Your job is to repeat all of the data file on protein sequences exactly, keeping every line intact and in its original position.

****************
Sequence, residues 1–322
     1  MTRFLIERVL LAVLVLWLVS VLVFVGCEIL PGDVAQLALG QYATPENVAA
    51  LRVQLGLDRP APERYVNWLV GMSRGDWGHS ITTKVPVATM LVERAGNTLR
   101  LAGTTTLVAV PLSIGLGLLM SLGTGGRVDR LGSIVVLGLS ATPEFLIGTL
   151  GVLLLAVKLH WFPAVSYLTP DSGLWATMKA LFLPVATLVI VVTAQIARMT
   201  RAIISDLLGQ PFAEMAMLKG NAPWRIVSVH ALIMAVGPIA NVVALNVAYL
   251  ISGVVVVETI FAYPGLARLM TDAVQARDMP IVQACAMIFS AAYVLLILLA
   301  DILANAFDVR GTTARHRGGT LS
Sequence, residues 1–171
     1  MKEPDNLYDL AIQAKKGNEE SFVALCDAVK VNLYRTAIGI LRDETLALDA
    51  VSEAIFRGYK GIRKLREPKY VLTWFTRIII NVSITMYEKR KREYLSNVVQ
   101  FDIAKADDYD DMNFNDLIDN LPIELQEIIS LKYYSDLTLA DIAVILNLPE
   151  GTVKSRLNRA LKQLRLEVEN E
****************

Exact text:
Sequence, residues 1–322
     1  MTRFLIERVL LAVLVLWLVS VLVFVGCEIL PGDVAQLALG QYATPENVAA
    51  LRVQLGLDRP APERYVNWLV GMSRGDWGHS ITTKVPVATM LVERAGNTLR
   101  LAGTTTLVAV PLSIGLGLLM SLGTGGRVDR LGSIVVLGLS ATPEFLIGTL
   151  GVLLLAVKLH WFPAVSYLTP DSGLWATMKA LFLPVATLVI VVTAQIARMT
   201  RAIISDLLGQ PFAEMAMLKG NAPWRIVSVH ALIMAVGPIA NVVALNVAYL
   251  ISGVVVVETI FAYPGLARLM TDAVQARDMP IVQACAMIFS AAYVLLILLA
   301  DILANAFDVR GTTARHRGGT LS
Sequence, residues 1–171
     1  MKEPDNLYDL AIQAKKGNEE SFVALCDAVK VNLYRTAIGI LRDETLALDA
    51  VSEAIFRGYK GIRKLREPKY VLTWFTRIII NVSITMYEKR KREYLSNVVQ
   101  FDIAKADDYD DMNFNDLIDN LPIELQEIIS LKYYSDLTLA DIAVILNLPE
   151  GTVKSRLNRA LKQLRLEVEN E